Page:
In preparation for this year’s race, Mr. Brooks and his crew spent last winter in California testing sails, navigation equipment and sailing techniques. He had new masts designed and built, in spruce, to handle the additional stress of the new laminated, aramid fiber sails. Dorade’s hull was reworked. Some of the best sailors in the world were brought in to round out the seven-person crew, including an America’s Cup navigator and an around-the-world race skipper. According to the NYT, the crew learned during the 12 day race that the “genius of the boat’s design and how the sailors in the 1930s skillfully sailed her never go out of style.” In addition, navigator Matt Wachowicz added to the historical realism by using celestial navigation all the way to Hawaii. Using modern technology, Mr. Brooks was able to confirm that Mr. Wachowicz had kept them within one mile of the GPS course.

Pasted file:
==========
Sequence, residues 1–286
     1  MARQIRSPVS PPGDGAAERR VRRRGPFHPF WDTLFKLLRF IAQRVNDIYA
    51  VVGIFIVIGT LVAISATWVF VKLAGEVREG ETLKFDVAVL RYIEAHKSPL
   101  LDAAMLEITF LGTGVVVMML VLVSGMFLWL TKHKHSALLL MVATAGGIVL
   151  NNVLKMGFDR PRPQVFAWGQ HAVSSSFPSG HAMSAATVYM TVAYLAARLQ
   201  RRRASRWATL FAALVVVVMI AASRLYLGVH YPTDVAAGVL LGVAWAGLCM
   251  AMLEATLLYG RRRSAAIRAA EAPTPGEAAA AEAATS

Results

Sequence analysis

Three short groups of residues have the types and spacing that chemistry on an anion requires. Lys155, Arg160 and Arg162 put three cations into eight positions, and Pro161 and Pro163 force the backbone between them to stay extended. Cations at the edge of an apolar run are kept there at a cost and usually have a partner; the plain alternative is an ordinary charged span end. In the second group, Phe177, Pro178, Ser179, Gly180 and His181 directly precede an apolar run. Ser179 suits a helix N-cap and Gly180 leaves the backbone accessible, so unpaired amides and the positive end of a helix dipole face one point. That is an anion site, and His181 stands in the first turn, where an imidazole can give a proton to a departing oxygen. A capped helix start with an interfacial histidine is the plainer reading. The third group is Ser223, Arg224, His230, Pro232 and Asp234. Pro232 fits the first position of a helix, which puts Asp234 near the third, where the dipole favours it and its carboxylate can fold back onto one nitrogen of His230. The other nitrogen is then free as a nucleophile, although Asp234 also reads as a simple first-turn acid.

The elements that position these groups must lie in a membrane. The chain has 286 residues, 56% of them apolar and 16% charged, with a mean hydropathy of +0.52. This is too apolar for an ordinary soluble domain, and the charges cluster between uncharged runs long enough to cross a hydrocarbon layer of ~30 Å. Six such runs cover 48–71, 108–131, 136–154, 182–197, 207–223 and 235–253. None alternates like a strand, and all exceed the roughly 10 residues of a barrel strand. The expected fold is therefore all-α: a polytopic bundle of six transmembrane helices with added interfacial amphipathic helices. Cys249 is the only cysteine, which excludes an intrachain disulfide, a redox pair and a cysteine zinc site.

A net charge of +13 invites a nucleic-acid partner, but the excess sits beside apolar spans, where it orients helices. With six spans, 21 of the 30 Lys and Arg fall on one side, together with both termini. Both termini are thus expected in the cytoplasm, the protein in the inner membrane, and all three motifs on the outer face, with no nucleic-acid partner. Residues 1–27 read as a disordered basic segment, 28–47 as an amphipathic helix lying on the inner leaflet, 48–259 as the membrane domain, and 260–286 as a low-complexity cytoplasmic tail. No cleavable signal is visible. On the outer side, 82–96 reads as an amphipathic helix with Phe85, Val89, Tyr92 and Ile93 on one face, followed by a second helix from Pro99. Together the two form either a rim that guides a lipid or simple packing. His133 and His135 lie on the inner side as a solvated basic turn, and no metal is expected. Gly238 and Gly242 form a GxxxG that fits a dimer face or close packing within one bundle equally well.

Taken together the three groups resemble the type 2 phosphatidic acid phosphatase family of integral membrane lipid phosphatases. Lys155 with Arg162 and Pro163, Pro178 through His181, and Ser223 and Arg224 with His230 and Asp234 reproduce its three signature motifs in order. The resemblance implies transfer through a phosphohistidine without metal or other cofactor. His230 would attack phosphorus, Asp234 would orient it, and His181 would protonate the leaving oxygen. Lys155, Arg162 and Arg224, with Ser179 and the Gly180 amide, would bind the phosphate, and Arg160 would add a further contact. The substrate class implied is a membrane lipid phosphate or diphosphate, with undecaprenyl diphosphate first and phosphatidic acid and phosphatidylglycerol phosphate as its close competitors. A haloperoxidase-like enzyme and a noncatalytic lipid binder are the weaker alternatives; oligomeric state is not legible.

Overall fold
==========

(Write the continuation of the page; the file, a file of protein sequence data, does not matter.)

I couldn’t help but think that the Dorade’s 2,225 mile successful sail across the Pacific was similar to successful life-long financial plans. There are enduring values that can’t be overlooked:

    • Have a comprehensive  plan
    • Execute it faithfully
    • Spend within your means
    • Save regularly
    • Allocate and diversify your assets thoroughly
    • Think long-term
    • Consider using the best possible crew and navigator to keep you on course and help you make adjustments as needed

All of us at DWM wish you smooth sailing! If you aren’t sure if your current financial plan includes enduring values for decades to come, give us a call; we can help. We won’t use celestial bodies for navigation, but we are an all-star crew.